Google Demonstrates Voice Commands Using AI Robots to Soda, Snacks

Google Demonstrates AI Robots Fetching Soda, Snacks Using Voice Commands

Google is combining the eyes and arms of physical robots with the knowledge and conversation skills of virtual chatbots to help its employees easily fetch soda and chips from the breakroom. Mechanical waiters, shown in action to reporters last week, incorporate an artificial intelligence breakthrough that makes it easier to control multi-purpose robots that perform single, structured tasks such as vacuuming or standing guard.

The company’s robots are not ready for sale. They only perform a few dozen simple actions, and the company has yet to embed them with the familiar “Ok, Google” summon feature for consumers.

While Google says it is developing responsibly, adoption could eventually stem from concerns such as robots becoming surveillance machines, or being equipped with chat technology that could elicit an aggressive response, as Meta and others have pointed out. experienced in recent years.

Microsoft and Amazon are doing comparable research on robots.

“It’s going to take some time before we can really get a firm grasp on the direct business impact,” said Vincent VanHock, Google’s senior director of robotics research.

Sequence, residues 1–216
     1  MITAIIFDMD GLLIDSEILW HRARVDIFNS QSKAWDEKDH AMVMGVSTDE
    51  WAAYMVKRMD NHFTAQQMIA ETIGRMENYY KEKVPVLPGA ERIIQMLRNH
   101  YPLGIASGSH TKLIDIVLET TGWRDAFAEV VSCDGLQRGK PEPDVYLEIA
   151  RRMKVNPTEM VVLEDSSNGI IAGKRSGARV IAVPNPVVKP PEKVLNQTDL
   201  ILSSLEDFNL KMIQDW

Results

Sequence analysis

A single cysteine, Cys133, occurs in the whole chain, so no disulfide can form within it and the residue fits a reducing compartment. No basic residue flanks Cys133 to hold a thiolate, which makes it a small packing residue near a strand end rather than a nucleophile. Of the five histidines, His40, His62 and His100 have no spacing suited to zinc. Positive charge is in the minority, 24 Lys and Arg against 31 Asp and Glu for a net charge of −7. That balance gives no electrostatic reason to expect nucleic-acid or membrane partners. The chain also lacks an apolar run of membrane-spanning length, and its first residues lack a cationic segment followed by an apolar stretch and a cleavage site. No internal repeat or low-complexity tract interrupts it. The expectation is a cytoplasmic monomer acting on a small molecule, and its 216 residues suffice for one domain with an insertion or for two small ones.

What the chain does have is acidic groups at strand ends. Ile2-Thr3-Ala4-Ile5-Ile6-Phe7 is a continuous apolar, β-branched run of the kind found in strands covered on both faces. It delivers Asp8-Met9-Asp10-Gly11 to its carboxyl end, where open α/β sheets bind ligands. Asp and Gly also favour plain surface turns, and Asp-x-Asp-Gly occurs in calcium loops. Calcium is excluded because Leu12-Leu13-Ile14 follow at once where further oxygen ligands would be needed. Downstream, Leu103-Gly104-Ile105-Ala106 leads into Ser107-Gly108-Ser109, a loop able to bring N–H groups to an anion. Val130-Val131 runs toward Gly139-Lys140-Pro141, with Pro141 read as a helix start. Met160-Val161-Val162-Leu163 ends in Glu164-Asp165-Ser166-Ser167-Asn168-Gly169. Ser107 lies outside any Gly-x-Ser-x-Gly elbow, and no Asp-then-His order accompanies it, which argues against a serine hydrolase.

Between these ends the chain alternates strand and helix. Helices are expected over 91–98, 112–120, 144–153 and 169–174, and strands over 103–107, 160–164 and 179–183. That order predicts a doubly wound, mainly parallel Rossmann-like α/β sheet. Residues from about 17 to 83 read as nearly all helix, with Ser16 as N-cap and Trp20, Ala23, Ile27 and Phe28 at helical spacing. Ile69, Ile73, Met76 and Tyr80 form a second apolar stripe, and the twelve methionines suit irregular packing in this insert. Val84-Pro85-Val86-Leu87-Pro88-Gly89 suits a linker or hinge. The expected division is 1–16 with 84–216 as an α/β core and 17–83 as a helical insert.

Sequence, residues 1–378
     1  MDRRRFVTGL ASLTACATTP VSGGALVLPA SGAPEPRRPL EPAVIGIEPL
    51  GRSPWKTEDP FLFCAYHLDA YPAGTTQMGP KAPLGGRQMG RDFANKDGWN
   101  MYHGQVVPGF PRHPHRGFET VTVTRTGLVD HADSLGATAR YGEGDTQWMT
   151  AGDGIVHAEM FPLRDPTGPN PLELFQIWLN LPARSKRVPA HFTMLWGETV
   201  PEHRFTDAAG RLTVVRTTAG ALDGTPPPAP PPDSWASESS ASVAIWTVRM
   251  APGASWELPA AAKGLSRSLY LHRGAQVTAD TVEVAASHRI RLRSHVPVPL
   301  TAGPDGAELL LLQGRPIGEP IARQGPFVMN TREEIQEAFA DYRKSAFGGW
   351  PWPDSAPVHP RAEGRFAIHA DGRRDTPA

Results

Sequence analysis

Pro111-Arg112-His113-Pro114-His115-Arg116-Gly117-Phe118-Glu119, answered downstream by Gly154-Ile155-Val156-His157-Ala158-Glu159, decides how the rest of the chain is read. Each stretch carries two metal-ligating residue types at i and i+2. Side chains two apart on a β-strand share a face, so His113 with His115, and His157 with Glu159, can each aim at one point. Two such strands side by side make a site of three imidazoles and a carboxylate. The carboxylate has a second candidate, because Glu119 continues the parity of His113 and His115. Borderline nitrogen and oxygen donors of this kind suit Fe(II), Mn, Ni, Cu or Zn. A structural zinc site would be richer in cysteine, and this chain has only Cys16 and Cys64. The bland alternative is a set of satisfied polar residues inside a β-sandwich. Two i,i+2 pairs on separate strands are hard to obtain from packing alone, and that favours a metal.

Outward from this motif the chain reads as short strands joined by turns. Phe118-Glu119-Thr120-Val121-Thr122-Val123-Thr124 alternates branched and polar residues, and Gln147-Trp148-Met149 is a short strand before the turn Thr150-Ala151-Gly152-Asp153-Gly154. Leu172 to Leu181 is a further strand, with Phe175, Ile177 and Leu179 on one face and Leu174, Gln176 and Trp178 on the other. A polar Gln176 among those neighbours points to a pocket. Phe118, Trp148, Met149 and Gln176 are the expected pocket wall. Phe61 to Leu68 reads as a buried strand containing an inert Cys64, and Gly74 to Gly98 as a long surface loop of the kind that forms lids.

When asked to help clean up a spill, Google’s robot admits that grabbing a sponge is an appropriate and more sensible response than apologizing for causing the mess.

Robots naturally interpret spoken commands, weighing possible actions against their abilities and planning small steps to achieve the asking.

The series is made possible by infusing robots with language technology that draws on understanding of the world from Wikipedia, social media and other webpages. Google said similar AI underlies chatbots or virtual assistants, but it hasn’t been widely implemented on robots before.

It disclosed this effort in a research paper in April. Since then the inclusion of the more sophisticated language AI has increased the robot’s success on command from 61 percent to 74 percent, according to the company’s blog post on Tuesday.

Everyday Robots, a subsidiary of Fellow Alphabet, designs the robots, which for now will be limited to grabbing snacks for employees.

© Thomson Reuters 2022


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